Jerusalem — Summer vacation in Israel lasts eight hot weeks, and parents are always on the lookout for places where their family can have fun and the kids can burn off some energy.
To stay informed about family-friendly activities, English-speaking Israelis rely on a few trusted sources. Every Friday we check the Jerusalem Post and Haaretz, whose entertainment magazines include listings of events all around the country.
Fun in Jerusalem (www.funinjerusalem.com), a relatively new website, is a terrific guide to what’s going on in Jerusalem and nearby. There’s a list of local swimming pools, child-friendly museum programs, summer camps (some open to English-speaking tourists), bowling alleys and places to go rock climbing, go-carting, mini-golfing and taking jeep rides through the desert.
Other good resources are the Janglo (www.janglo.net ) and Tanglo (groups.yahoo.com/group/tanglo) user lists, where, in addition to ads for things like furniture and rental apartments, members post upcoming events. It’s also a great place to ask for advice and to find a babysitter.
We’ve visited two kid-friendly spots in recent months, Mini Israel and Deer Land, and both hit the spot for my husband and I and our boys.
For years we’d been seeing ads for Mini Israel, an attraction located next to Latrun, about a half-hour’s drive from Jerusalem, but wondered whether it was for us.
The park has about 380 miniature models of sites throughout modern-day Israel, as well as a handful depicting life from the past.
Would our boys, who enjoy toy soldiers and Lego, have the interest or patience to see pint-size images of Ben-Gurion Airport of Masada? Turns out, we were all enthralled by the model’s minute detail (1:25 scale) and craftsmanship. Several had moving parts, and the soccer game we watched at the mini Teddy soccer stadium (named for Teddy Kollek) was a big hit.
“Seeing” the entire country in miniature reminded us how diverse Israel really is. While we had expected to see Tel Aviv skyscrapers and a stunning model of the Western Wall complex, we also appreciated the oil refinery, a factory manufacturing food, the snow-topped Mt. Hermon in the Golan and Masada in the south.
The replicas of the beautiful churches in the Galilee and Jerusalem, and the mosque atop the Temple Mount, were a good starting point for a brief discussion on Israel’s multiculturalism and the need for coexistence.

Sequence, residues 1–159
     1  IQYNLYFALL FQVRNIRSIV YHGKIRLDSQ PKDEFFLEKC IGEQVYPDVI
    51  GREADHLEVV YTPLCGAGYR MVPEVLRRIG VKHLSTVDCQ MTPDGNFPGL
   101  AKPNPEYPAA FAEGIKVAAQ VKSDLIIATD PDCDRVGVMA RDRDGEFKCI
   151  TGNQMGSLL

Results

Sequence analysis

As Jerusalemites, it was especially fun to see such iconic yet familiar buildings as the YMCA, the King David Hotel and of course, the Old City. But it was the miniature sunbathers at the beach in Tel Aviv and the desert landscape of the Dead Sea that gave us the urge to get into the car and explore.
When the kids had had enough, they took a pony ride and eagerly allowed themselves to be sealed into a life-sized bubble that enabled them to roll, slip and slide in a shallow pool of water.
Mini Israel is wheelchair and stroller friendly. On the down side, it’s expensive by Israeli standards and there’s very little shade, except in the kosher restaurant and gift shop. To avoid sunstroke on hot days, it’s best to visit late in the day — figure on spending at least two hours at the park. Those who purchase tickets online receive a discount (be sure to print out your computerized tickets). Fun in Jerusalem offers coupons to the park. (www.minisrael.co.il)
On a pleasant spring day during Passover vacation we checked out Deer Land, which is located in the West Bank, very close to the Gush Etzion Junction. It took us about a half hour to drive to the park from the city.
It turned out to be a great place to spend an afternoon with active kids in search of a good time. Graced with many shade trees and stone picnic tables (they sell meat meals but visitors are also permitted to bring food from outside), it’s a peaceful place to unwind in a forest-like setting.
Named for the nice little zoo housed there, the park is better known for the activities it offers. There are two zip lines — one quite easy and not at all scary, even for younger children; the other a heart-stopping foray over a wide, deep wadi (return trip by jeep). The longer zip line was especially popular with the fervently Orthodox families visiting the park that day.
Our kids opted instead for the shorter zip line, the difficult climbing wall, and especially the large trampolines, where they were strapped into harnesses. They were disappointed that they didn’t meet the height requirement for a difficult rope bridge/climbing wall activity. We spent some downtime in the zoo, where we were encouraged to interact with the smaller animals.
Next time, we’ll check out the archery corner and maybe paint ball as well. Deer Land is a popular place for bar/bat mitzvah and birthday celebrations.
We were fortunate that, because it was Passover vacation, the park offered an affordable multi-activity package. Most other times the activities are a la carte (about $3 to $7.50 per activity; $30 for the long zip line). Telephone: 050-5388705. (www.deer-land.co.il)